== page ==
pafturage will be lurnillied for mares which 
may come from a didance, gratis, and if 
any miy choofe their mares to be corn fed, 
they may obtain the lame, by paving the 
market price for the corn. Great cure diall 
be taken to prevent accidents or efcapes, 
but will not be liable in cafe either Ihould 
happen. 

Any perfon fending five mares, will get 
one gratis. 

N. B. Halt a Dollar to the groom when 
the mare is covered. 

DESCRIPTION 

LAMPLIGFI I'ER is a beautiful bay, 
full litteen and a half hands high, equal 111 
point ol figure to ipy horl'c on the conti- 
nent— His perfoi niance on the turf is un- 
rivalled : at five years old he beat the Bell 
Air, and Camilla, two of the fwifteft hor 
Its in America— and a number of other no 
ted horfi S lince that time, among which 
w’us tlie noted running liorle of Maryland 
Cincinnatiis. 

PEDIGREE. 

LAMPLIGFITJiU was got bv Hart’s 
Old Aledley ; his dam by l.ongdale, out of 
Gol. Braxton’s imported mare Kitty F'illi- 
er ; l.ongdale was got by Jolly Roger, out 
ot a bay mare, bought of fir John Ranif- 
den, baronet, late Lord Landlale’s ; (lie 
was got liy Monkey, her dam by Lord 
Lanfd.ile’s Black Arabian, her grand dam 
by Lord Laiildale’s Bay Arabian, her great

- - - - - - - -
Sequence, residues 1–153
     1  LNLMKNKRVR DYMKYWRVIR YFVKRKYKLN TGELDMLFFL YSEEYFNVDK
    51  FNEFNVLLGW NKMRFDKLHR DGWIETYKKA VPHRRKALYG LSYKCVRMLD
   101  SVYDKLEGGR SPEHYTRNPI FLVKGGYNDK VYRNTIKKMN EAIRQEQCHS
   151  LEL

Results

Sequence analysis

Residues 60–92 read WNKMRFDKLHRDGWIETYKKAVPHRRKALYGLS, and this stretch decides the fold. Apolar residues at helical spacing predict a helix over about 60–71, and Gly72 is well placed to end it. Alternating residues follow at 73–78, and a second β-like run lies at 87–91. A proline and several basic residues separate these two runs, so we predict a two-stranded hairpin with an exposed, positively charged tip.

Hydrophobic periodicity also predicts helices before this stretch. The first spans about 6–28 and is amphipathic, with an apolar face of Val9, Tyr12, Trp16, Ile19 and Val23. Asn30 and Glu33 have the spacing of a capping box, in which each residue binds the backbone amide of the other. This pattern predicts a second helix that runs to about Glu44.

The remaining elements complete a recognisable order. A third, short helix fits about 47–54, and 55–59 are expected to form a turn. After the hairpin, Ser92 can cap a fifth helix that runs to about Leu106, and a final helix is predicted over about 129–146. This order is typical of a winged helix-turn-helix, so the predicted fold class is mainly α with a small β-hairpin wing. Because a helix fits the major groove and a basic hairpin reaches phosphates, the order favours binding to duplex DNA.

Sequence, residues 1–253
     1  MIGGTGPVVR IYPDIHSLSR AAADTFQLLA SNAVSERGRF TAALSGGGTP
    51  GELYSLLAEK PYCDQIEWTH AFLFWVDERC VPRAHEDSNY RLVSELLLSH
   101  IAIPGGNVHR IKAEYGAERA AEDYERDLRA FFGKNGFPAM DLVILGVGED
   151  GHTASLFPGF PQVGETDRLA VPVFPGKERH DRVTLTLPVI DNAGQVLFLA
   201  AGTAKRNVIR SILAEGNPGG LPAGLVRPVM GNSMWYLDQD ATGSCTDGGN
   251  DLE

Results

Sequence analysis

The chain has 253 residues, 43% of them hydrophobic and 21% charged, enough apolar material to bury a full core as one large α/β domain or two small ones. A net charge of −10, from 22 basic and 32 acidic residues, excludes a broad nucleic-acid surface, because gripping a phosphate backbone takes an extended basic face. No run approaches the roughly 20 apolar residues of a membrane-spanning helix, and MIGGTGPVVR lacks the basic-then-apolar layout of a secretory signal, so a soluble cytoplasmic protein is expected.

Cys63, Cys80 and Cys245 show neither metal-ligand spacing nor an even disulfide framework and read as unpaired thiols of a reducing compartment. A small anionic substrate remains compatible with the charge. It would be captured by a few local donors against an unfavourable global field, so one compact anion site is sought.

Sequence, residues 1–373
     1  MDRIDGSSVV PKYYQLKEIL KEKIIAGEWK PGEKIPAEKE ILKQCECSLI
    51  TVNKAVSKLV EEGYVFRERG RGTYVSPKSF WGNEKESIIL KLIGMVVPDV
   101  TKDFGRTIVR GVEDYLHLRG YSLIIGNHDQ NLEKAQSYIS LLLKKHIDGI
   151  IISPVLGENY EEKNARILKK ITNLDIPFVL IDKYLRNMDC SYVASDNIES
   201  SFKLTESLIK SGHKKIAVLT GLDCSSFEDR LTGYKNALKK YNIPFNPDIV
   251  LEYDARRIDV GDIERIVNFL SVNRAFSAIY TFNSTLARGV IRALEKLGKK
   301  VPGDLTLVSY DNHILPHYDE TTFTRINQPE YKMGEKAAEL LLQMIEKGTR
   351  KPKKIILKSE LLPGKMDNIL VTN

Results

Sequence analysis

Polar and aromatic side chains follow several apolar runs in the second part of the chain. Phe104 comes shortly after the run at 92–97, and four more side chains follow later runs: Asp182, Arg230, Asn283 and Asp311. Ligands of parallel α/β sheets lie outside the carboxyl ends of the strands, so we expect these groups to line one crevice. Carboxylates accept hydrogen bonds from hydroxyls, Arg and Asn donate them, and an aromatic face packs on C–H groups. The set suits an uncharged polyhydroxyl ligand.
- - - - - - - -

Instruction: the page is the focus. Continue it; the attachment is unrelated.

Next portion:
grand dam by ('oiiey-Skins, her great great 
grand oam by Dodl worth, o"- of tiie voiin- 
ger of the two roval mares, .ought of Mr. 
Darcy, by the fiill Lord Lanfdale. 

N. B. Mr. Dai'W was mader of the 
horfe to King William. 'Phe liihfcriber 
deems it uiinecedary to fay more, as he is 
well convinced Lamplighter’s charader as 
a dial getter, his being a noted running 
horle, and ol unexceptionable pedigree, is 
well known Ho a great number of gentle- 
men in Kentucky. 

JAMES L. FIENDERSON. 

Shelby County, 

January 23d, 1803. 



JAKIyN up by Benjamin Wasi:, on 
Flammoiid’s creek, 

'd aark hay Mare, 

feven y:'ars old, Irurtern and a half hands 
higli, a ilar ard Ir.ip, the liii.d feet ivhite, 
no ill aru;— ! i _* apj eai s to have had the 
Iw’iiiiK 7 in tiie near duiulder, appraifed to 
ten pounds. 

„ , PHILIP WHITE. 

. February it, tSo -i. a Copy. 

The ini t orted Eru^Iisb Horse, 
SPREAD EAGLE, 

W/ cover this icafun in 

ington.at Thirty Doll. o s Cad , each 



FOR SAJ.E, 

1000 acres of Military land, located, fur- 
veyed and jiatentcd in the name of Flix. 
Moody, on the Caiiey fork of Rufiel’s 
creek. 

100 acres military land, in the name of 
James Taylor, pn Pittman’s creclf. 

500 acres like title, in the name of Johii- 
don and Morrilon, in the Grajie Fields. 

^ 666 2-3 acres like title, granted to Robt. 
Campbell, lying on lYadewater. 

1500 acres granted to French Strother, 
lying on Hinkllon, not more than 12 miles 
Iroin Pans, or 30 from Lexington- — good 
title and quality. 

3500 acres, Big-Sandy river, granted to 
Geo. Brooke. ' 

1000 do. Rig-Laurel river, fame. 

7000 do. Big and Little-Laurel rivers, 
(ame. 

2000 do. Yellow creek, fame. 

1000 do. three forks Cumberland river, 
fame. 

'i'he foregoing lands will be fold very 
low — 1500 dollars worth of good HoiTes, 
•and the like dim in Specie, Will be requi- 
red by mid-fummer; for the balance a 
credit from one to four years will be given ; 
if required, any of the 'lands will be divi’-